ABC’s Lone Moderate Voice Slams Obama’s Job Summit
In October 2008 – during the height of presidential election fervor – ABC contributor Michael S. Malone, a 30-year veteran in journalism, did something few in mainstream media dared to do – he blasted the media at large for blatant pro-Barack Obama coverage.
“The traditional media are playing a very, very dangerous game – with their readers, with the Constitution and with their own fates,” Malone wrote. “The media have covered this presidential campaign with a bias and that ultimately could lead to its downfall. The sheer bias in the print and television coverage of this election campaign is not just bewildering, but appalling.”
ABC has often been criticized for its flagrantly liberal bravura. Earlier this year, ABC’s Chris Cuomo suggested Republicans were reckless in their opposition to President Obama‘s health care reform plan. In February, it was reported that long-time ABC personality George Stephanopoulos had participated in daily phone strategy sessions with now White House Chief of Staff Rahm Emanuel. As punishment for his highly unethical behavior, ABC is considering Stephanopoulos for Diane Sawyer’s soon-to-be-empty seat on Good Morning America. And that’s how they roll at ABC…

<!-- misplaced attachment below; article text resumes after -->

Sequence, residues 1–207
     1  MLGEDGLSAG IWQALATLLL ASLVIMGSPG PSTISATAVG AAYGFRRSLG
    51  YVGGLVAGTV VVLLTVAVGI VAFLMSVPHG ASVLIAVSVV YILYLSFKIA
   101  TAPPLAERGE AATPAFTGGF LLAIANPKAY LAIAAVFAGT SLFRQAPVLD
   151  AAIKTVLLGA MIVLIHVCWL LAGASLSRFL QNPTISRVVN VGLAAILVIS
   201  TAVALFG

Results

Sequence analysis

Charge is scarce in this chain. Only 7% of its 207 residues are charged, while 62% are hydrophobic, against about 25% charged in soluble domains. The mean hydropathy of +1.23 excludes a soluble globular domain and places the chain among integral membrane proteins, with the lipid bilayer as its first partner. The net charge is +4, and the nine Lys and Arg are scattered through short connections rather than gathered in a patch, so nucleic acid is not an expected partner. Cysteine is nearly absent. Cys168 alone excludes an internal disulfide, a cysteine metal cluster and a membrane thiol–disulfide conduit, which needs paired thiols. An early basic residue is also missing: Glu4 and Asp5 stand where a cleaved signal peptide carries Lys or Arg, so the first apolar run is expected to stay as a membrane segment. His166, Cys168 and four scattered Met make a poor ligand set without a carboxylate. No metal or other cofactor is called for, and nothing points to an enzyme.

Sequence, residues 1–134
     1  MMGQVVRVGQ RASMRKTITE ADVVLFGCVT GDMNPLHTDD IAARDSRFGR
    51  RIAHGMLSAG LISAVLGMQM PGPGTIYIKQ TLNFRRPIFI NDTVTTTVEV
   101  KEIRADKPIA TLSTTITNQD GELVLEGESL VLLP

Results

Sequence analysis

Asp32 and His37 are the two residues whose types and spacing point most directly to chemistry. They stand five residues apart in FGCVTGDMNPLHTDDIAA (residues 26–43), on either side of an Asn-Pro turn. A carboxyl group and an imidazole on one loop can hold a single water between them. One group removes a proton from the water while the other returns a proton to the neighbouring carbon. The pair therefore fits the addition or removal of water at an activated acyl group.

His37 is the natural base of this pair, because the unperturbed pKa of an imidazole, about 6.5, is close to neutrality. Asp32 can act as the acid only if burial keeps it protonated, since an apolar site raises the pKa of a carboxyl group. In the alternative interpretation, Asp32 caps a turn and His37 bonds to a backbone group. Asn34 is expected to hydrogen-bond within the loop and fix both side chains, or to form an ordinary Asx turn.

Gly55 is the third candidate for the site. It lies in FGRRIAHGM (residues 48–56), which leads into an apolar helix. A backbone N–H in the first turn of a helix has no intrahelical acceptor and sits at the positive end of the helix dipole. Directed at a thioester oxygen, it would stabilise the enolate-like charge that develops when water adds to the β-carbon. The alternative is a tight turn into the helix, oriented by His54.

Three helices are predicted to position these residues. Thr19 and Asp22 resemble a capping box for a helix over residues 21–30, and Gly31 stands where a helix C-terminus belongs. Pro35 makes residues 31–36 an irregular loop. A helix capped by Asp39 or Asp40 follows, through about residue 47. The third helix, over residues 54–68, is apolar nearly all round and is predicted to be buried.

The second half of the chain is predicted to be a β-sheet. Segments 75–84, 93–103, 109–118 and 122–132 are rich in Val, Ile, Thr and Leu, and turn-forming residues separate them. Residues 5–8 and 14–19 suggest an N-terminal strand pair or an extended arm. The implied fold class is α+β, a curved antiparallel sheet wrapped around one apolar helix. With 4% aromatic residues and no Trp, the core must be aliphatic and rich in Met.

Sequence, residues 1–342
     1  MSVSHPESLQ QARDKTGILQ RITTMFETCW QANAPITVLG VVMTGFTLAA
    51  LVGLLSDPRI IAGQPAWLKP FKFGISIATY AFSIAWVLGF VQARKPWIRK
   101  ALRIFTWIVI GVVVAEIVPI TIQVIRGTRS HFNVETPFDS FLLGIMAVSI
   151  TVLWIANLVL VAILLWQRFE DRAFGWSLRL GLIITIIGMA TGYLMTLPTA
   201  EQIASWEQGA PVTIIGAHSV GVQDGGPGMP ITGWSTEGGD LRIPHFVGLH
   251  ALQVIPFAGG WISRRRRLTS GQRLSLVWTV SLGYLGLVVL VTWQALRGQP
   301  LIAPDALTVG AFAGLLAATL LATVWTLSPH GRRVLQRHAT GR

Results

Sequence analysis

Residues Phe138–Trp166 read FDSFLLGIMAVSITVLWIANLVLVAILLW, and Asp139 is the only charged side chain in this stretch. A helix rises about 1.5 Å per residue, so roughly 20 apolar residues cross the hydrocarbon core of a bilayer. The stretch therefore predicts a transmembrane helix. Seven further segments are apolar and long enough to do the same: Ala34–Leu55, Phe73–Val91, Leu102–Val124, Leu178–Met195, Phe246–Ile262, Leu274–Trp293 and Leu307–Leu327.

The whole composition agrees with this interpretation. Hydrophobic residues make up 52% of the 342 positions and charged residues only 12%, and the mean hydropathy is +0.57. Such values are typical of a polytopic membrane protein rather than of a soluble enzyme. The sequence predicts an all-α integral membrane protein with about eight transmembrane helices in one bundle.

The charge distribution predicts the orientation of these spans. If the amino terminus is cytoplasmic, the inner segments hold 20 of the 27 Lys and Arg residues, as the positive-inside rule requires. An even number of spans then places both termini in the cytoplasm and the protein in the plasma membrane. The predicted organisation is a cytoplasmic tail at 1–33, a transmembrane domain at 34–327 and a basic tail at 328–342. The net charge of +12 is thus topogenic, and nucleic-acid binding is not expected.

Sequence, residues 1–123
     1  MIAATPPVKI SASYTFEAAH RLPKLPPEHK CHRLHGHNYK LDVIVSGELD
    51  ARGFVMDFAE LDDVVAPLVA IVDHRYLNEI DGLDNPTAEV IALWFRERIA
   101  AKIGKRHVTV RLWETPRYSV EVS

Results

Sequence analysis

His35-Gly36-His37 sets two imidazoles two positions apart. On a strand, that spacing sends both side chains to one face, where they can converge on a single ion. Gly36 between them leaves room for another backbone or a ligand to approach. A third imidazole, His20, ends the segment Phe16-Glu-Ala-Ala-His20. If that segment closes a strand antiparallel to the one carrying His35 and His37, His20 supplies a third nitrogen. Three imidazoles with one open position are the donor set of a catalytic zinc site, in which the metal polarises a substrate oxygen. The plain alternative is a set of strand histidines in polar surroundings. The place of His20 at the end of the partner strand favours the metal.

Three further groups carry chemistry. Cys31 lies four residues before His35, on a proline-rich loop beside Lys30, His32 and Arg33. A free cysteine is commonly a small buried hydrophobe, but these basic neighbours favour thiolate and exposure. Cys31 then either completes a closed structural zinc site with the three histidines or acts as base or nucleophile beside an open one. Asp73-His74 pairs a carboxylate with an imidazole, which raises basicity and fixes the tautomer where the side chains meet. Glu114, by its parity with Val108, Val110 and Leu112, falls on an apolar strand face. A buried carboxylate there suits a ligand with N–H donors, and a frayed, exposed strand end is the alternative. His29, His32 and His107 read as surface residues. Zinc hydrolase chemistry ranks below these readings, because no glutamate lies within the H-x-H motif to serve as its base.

But Malone has continued to follow the Obama presidency with a moderate, objective tone – going against the swift current of ABC coverage that reflects a continued infatuation with the liberal president and his agenda.
In Malone’s column today, it was President Obama’s much-touted Jobs Summit that brought out the skeptical, true voice of journalism at the otherwise irrelevant news side of the network.
“…it was billed as a ‘listening’ event by the administration — and everybody knows what that word really means: We’ll pretend to listen in order to shut everybody up, then we’ll do exactly what we planned all along,” Malone wrote. “…if you’re on line at the employment office right now and you’re hoping that the jobs summit is actually going to help you get, you know, a job, you’d better keep filling out that form in front of you.”
But his criticism of the Obama Administration goes much deeper than this one issue, covering the full scope of the president’s authority. Malone suggests Obama’s questionable priorities have become very clear – nationalizing health care, protecting and expanding organized labor, and instituting a national energy scheme.
Malone’s harshest assessment of the President, however, has been on Obama’s handling of relationships with other world leaders.
He says Obama has a clear desire to “reposition America’s role in the world as a partner rather than a leader. Meanwhile, there are two nettlesome problems that continue to demand his attention, but he seems annoyed at having to deal with: Afghanistan and unemployment… he has reacted to both by dithering, postponing decisions and acting busy on other, equally pressing matters.”
Interestingly, Malone has been with the network since 2000, contributing primarily as a business and technology writer with a column called “Silicon Insider.” His writing doesn’t frequently touch on hot political issues, and even when it does, it is rare that he espouses such strong opinions on White House politics.
So far at ABC, Malone’s moments of political clarity seem to be isolated incidents, not likely to pervade the network’s liberal group think.